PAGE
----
+ Concentrate on the message, not the audience. Focus your attention away from your own anxieties, and outwardly towards your message and your audience. It is your responsibility to provide the information your audience needs to hear. It is the message that really counts.

+ Focus on all the people who are listening to you (not on those who are not). Do not get distracted by disturbances. If it is minor ignore the disturbance and go ahead. If it is major, wait till things settle down, tell a fitting joke or make a comment and go ahead. In any case, never lose your charm and calm.

+ Watch for non-verbal clues from your audience and be prepared to respond to the reactions of your audience throughout your presentation.

+ Ignore if you have erred and no one noticed. Admit and correct if it is pointed out.

. Experience and practice build confidence, which is the key to effective speaking. Anywhere, any time, jump at the chance to stand up and speak in front of people. There is no better alternative than to practice.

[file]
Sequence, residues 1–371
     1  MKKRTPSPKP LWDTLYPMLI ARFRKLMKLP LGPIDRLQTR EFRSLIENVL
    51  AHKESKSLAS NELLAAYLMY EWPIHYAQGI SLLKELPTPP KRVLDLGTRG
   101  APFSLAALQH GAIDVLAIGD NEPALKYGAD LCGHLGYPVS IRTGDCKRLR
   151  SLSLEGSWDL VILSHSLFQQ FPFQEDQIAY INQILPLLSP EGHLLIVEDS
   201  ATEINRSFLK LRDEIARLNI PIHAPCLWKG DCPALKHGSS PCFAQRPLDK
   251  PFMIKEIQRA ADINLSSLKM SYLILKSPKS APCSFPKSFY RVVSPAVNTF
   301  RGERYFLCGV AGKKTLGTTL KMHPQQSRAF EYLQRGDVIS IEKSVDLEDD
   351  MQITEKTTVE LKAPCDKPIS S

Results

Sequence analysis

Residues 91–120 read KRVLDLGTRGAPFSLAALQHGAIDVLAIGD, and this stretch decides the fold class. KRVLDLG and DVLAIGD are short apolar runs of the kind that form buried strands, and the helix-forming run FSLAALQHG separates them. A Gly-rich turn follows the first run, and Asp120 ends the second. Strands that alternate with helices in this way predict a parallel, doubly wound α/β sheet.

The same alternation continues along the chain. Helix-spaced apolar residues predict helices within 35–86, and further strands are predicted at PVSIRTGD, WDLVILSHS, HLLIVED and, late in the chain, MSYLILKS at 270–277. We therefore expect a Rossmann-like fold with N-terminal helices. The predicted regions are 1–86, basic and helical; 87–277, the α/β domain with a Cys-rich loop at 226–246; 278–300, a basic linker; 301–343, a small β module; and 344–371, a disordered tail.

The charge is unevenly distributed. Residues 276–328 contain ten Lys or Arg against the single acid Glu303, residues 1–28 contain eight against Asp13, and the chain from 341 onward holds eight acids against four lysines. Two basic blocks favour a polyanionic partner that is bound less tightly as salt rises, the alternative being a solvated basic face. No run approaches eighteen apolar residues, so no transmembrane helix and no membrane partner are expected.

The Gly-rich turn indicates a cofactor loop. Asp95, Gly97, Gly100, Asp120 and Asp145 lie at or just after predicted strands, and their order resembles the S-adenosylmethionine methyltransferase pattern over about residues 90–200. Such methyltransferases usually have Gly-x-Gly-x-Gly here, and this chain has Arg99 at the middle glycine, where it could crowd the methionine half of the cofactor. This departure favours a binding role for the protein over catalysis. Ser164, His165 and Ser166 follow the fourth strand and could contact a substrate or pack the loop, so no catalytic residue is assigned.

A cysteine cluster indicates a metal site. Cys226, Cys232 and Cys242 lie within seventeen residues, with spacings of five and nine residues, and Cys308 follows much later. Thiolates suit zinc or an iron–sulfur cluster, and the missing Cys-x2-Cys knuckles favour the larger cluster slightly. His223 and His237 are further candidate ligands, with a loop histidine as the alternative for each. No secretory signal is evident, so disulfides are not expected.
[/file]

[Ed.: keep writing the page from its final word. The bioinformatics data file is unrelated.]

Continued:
+ Questions from audience are a welcome sign. It shows they have listened to you. Answer if you can, otherwise ask all present to answer. Admit if you do not know the answer and accept if anyone gives additional information. Answers should be short and sweet.

+ Pay attention to all details. Make sure you know the right location and time.

..and the final tip: Public speaking CAN be fun!

It is possible for public speaking to be fun and hugely satisfying. Once you have enjoyed giving a talk or presentation, your self confidence will get a huge boost and you will be off and running!


Message of the WHO Regional Director for Africa, Dr Luis G. Sambo,  On the Occasion of World Blood Donor Day, 14 June 2009

It is indeed my great pleasure and privilege to join the rest of the world on the occasion of celebrating the 5th World Blood Donor Day. The observation of this year's WBDD is organized under the theme 'Achieving 100 percent Voluntary non remunerated Blood Donation' on the 14th of June 2009.

While celebrating and acknowledging the contribution of the voluntary blood donors to the "gift of life", let us always remember that an increase in the number of people who give blood voluntarily on a regular basis is the only means of ensuring universal access to safe blood by every patient who requires blood transfusion. This is not only because voluntary non remunerated blood donors are the only source that can ensure sustained and predictable availability of safe blood to all segments of the society, they also ensure ownership and support by the community for a health service that is beneficial to them in accordance with the PHC strategy.